.- Pope John Paul II’s biographer is welcoming the announcement of a new feast day for the soon-to-be beatified pontiff. The Vatican has declared that Oct. 22, the day he became Pope, will now mark the occasion.
“I think it's an entirely appropriate date, for this was the day that Karol Wojtyla formally began his service to the universal Church and issued that ringing cry to freedom and evangelism: "Be not afraid! Open the doors to Christ," George Weigel told CNA.
As is customary with beatified persons, the feast day will be inserted into the Church calendar of only those places where Pope John Paul II lived and worked – the diocese of Rome and the dioceses of Poland.
In other places, local bishops will have to formally ask the Vatican for permission to mark the feast day. The same restrictions also apply to the naming of churches for Pope John Paul.
In a break with custom, though, the Vatican is giving Catholics throughout the world a year to celebrate a Mass in thanksgiving for the beatification.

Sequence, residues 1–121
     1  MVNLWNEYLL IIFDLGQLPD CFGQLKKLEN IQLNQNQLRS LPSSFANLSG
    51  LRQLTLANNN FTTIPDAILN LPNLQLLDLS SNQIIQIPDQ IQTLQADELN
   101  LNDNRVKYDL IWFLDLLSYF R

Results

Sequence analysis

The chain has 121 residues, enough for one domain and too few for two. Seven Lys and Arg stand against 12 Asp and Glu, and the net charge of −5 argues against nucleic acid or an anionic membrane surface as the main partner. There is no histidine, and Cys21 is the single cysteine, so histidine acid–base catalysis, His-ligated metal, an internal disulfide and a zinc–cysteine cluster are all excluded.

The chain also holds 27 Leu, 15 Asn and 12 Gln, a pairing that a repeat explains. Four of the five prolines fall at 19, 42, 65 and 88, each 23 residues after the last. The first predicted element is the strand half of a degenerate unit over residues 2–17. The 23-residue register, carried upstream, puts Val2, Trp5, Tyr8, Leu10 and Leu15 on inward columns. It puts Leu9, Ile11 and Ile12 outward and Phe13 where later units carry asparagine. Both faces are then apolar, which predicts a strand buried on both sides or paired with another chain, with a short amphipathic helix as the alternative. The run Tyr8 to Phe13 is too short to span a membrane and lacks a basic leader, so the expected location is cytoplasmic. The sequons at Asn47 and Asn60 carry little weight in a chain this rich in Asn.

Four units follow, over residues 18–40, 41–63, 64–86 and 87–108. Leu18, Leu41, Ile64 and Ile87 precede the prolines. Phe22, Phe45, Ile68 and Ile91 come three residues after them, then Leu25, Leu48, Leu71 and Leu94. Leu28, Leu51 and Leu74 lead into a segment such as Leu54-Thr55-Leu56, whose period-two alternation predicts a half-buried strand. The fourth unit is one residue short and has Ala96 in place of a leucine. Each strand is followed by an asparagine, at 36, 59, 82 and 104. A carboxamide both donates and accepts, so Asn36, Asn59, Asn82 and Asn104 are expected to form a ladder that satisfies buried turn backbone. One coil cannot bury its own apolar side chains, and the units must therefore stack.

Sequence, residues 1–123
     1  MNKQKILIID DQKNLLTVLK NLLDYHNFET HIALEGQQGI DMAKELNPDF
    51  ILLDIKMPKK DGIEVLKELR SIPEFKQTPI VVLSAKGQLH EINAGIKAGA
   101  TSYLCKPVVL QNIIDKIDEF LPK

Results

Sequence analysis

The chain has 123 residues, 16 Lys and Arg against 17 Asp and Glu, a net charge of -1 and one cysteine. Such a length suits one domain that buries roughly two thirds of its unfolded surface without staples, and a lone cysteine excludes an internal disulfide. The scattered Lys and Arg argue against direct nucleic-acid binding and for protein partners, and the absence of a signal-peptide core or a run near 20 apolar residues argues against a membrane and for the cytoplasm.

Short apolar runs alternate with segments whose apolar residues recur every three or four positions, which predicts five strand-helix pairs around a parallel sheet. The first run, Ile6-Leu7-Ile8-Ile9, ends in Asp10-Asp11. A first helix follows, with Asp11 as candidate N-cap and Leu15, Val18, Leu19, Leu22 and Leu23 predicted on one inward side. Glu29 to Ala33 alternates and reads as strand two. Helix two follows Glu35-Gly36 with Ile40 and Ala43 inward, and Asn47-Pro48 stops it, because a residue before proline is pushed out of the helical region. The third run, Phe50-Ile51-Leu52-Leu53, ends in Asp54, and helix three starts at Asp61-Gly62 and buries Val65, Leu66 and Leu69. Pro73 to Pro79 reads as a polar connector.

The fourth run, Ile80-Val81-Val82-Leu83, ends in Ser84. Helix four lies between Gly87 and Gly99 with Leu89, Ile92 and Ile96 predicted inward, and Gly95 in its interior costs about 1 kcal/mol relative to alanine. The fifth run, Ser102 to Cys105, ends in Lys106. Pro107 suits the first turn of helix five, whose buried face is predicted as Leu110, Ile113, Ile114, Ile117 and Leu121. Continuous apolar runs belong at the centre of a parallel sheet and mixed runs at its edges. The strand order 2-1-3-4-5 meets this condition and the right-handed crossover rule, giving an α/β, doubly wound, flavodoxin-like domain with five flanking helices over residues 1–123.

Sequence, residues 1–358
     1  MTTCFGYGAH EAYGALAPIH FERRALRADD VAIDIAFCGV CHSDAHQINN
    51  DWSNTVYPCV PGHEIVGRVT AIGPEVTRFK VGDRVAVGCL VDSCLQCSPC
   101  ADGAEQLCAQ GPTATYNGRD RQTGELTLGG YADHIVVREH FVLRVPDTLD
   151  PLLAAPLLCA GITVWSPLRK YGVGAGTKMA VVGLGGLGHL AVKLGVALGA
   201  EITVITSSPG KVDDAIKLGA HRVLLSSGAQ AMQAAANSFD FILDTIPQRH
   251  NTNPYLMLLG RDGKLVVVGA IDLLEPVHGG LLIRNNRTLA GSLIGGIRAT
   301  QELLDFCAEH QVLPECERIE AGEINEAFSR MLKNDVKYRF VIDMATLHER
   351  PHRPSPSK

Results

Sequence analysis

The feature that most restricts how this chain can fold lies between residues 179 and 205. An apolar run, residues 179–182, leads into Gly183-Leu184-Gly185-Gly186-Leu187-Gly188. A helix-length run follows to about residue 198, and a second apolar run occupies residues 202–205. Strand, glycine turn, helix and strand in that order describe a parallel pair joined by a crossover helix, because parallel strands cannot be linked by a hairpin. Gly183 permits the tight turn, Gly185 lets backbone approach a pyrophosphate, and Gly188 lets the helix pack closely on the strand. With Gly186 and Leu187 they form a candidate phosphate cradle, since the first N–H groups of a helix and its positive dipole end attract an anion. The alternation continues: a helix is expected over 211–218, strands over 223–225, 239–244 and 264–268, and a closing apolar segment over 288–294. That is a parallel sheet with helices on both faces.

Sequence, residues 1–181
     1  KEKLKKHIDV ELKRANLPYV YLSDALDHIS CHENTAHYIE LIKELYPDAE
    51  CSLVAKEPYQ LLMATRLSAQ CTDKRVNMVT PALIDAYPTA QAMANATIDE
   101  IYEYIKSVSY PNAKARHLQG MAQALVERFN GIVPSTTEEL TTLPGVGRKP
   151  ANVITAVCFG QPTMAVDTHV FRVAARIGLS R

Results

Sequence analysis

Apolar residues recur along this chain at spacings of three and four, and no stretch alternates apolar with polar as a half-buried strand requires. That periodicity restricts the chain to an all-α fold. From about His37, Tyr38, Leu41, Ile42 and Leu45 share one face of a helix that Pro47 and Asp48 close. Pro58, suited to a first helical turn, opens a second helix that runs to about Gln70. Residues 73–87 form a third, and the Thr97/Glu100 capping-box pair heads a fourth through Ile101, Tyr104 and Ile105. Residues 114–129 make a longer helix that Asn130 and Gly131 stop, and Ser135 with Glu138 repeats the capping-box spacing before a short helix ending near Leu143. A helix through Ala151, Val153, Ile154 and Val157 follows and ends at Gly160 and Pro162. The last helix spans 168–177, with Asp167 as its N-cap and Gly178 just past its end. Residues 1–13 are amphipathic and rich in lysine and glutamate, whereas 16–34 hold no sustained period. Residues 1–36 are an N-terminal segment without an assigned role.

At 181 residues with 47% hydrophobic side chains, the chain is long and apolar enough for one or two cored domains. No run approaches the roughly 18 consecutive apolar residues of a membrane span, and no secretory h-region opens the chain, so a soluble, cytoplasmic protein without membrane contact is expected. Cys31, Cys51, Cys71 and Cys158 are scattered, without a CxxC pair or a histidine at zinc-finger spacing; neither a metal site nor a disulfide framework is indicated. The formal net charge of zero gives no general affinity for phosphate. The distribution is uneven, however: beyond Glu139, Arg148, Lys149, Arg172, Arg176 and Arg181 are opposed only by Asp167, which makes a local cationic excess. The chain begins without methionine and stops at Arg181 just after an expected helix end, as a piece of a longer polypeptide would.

In an April 12 statement the Vatican said this is due to “the exceptional character of the beatification of the Venerable John Paul II, recognized by the entire Catholic Church spread throughout the world.”
The Vatican has also unveiled the specific prayer, or collect, to be used at any feast day celebration or thanksgiving Mass. It reads:
“O God, who are rich in mercy
and who willed that Blessed John Paul II
should preside as Pope over your universal Church,
grant, we pray, that instructed by his teaching,
we may open our hearts to the saving grace of Christ,
the sole Redeemer of mankind,
Who lives and reigns.”
Weigel welcomed the new prayer.
“The evocation of the divine mercy, the face of the Father that John Paul II believed was being turned to the world in a special way at this moment of history … also brings to mind the late Pope's inaugural encyclical, ‘The Redeemer of Man,’” he said.
Pope John Paul will be beatified on May 1 and will then be given the title “Blessed.” “Beatification” is the second step in a three-stage process the Catholic Church has created for declaring a deceased person a saint.